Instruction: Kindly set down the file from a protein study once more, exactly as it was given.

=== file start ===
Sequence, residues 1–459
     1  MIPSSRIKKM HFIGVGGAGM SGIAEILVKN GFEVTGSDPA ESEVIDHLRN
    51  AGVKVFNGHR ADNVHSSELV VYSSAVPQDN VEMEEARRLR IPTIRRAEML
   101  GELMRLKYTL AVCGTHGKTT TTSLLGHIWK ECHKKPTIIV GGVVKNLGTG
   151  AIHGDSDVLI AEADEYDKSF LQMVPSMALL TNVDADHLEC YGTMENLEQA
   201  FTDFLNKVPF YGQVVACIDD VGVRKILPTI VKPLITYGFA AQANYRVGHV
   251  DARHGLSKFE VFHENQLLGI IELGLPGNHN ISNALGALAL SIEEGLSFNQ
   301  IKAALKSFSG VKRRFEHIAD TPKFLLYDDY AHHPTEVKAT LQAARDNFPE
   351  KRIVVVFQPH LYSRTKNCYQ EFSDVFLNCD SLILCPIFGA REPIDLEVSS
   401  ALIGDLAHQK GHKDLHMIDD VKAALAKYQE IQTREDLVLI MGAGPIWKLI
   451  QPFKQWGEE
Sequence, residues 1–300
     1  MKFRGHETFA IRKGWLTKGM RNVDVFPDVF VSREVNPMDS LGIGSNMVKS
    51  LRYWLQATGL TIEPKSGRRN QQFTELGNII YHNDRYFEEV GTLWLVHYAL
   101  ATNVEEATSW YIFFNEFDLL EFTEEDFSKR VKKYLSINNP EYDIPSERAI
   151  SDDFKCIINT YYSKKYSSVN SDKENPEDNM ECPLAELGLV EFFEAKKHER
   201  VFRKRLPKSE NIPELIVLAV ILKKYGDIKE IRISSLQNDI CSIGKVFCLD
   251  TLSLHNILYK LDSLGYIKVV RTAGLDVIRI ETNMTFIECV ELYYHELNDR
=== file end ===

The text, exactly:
Sequence, residues 1–459
     1  MIPSSRIKKM HFIGVGGAGM SGIAEILVKN GFEVTGSDPA ESEVIDHLRN
    51  AGVKVFNGHR ADNVHSSELV VYSSAVPQDN VEMEEARRLR IPTIRRAEML
   101  GELMRLKYTL AVCGTHGKTT TTSLLGHIWK ECHKKPTIIV GGVVKNLGTG
   151  AIHGDSDVLI AEADEYDKSF LQMVPSMALL TNVDADHLEC YGTMENLEQA
   201  FTDFLNKVPF YGQVVACIDD VGVRKILPTI VKPLITYGFA AQANYRVGHV
   251  DARHGLSKFE VFHENQLLGI IELGLPGNHN ISNALGALAL SIEEGLSFNQ
   301  IKAALKSFSG VKRRFEHIAD TPKFLLYDDY AHHPTEVKAT LQAARDNFPE
   351  KRIVVVFQPH LYSRTKNCYQ EFSDVFLNCD SLILCPIFGA REPIDLEVSS
   401  ALIGDLAHQK GHKDLHMIDD VKAALAKYQE IQTREDLVLI MGAGPIWKLI
   451  QPFKQWGEE
Sequence, residues 1–300
     1  MKFRGHETFA IRKGWLTKGM RNVDVFPDVF VSREVNPMDS LGIGSNMVKS
    51  LRYWLQATGL TIEPKSGRRN QQFTELGNII YHNDRYFEEV GTLWLVHYAL
   101  ATNVEEATSW YIFFNEFDLL EFTEEDFSKR VKKYLSINNP EYDIPSERAI
   151  SDDFKCIINT YYSKKYSSVN SDKENPEDNM ECPLAELGLV EFFEAKKHER
   201  VFRKRLPKSE NIPELIVLAV ILKKYGDIKE IRISSLQNDI CSIGKVFCLD
   251  TLSLHNILYK LDSLGYIKVV RTAGLDVIRI ETNMTFIECV ELYYHELNDR